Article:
Sunday, November 25, 2007

A Little Humor

The church I play at every Sunday morning, like many churches (I guess), likes to call everything they do some kind of "ministry". So, there's the prayer ministry, the pet ministry, the children's education ministry, etc. My cohort Sarah dubbed coffee time between services the "caffeine ministry" and I have a codename for the pet ministry which for reasons of propriety I will not share here. Trust me, its funny.

So today I decided that I should call myself the "low note ministry". When I mentioned it to Sarah she said, "Oh, you're a fundamentalist." Hope you musical punsters appreciate that one. I then briefly recounted the story of playing in a club in the early 80's when author Alex Haley came in. When I saw him I stated playing just roots.

Tuesday, November 20, 2007

Tony Andriacchi at the Skokie Theatre

I am happy to have been on stage with the wonderful pianist Jeremy Kahn in support of my old friend and colleague Tony Andriacchi. Here's what the mercurial Howard Reich had to say about the concert this past Saturday in today's Chicago Tribune:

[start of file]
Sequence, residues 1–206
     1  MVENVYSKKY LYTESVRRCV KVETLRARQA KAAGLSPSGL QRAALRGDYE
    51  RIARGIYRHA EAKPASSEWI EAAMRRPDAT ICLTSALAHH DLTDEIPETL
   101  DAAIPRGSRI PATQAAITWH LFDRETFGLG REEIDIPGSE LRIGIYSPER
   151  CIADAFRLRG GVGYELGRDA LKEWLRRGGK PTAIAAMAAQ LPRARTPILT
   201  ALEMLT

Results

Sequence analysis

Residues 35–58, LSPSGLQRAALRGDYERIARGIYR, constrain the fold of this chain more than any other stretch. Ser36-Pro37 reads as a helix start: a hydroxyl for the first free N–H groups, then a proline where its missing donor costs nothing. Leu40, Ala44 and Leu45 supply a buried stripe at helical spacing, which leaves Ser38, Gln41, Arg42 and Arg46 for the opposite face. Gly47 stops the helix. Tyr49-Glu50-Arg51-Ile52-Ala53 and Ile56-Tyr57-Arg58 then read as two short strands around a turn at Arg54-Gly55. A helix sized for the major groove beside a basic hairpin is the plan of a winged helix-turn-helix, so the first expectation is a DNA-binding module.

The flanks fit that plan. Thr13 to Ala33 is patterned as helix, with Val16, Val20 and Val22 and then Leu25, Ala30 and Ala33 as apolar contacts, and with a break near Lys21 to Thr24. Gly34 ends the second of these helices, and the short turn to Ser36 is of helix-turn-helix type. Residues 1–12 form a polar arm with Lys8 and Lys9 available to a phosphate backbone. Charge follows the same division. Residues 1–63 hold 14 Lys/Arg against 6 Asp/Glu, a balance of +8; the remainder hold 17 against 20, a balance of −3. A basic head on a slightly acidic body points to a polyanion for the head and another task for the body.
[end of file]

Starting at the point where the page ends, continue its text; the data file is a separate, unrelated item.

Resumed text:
In a way, Saturday night marked Andriacchi's second comeback.

A couple of years ago, the formidable Chicago singer returned to the stage after more than a decade-and-a-half away.

His career was just starting to gain new momentum when, earlier this year, he was sidelined by vocal-cord problems requiring surgery.

But some artists can't be stopped, as Andriacchi proved before a sold-out house at the refurbished Skokie Theatre. Performing for the first time since his treatment, Andriacchi sounded in fine voice and, more important, offered one illuminating, unconventional song interpretation after another.

He opened his marathon concert, which stretched more than 2 1/2 hours, with a wholly original version of Hoagy Carmichael's "Skylark." By elongating its melody lines and making the most of every syllable, Andriacchi revealed the inner workings of the tune. Yet even at this dreamy, unhurried tempo, the piece never lost rhythmic momentum.Though practically every singer in the pop-jazz tradition owes some debt to icons such as Frank Sinatra and Tony Bennett, Andriacchi has pulled further away from their influence than most. He proved it when he dug into their repertory, singing "The Best Is Yet to Come" with a sly understatement that ran counter to Sinatra's euphoric recordings of this tune; and by dispatching "How Do You Keep the Music Playing" even more slowly and introspectively than Bennett.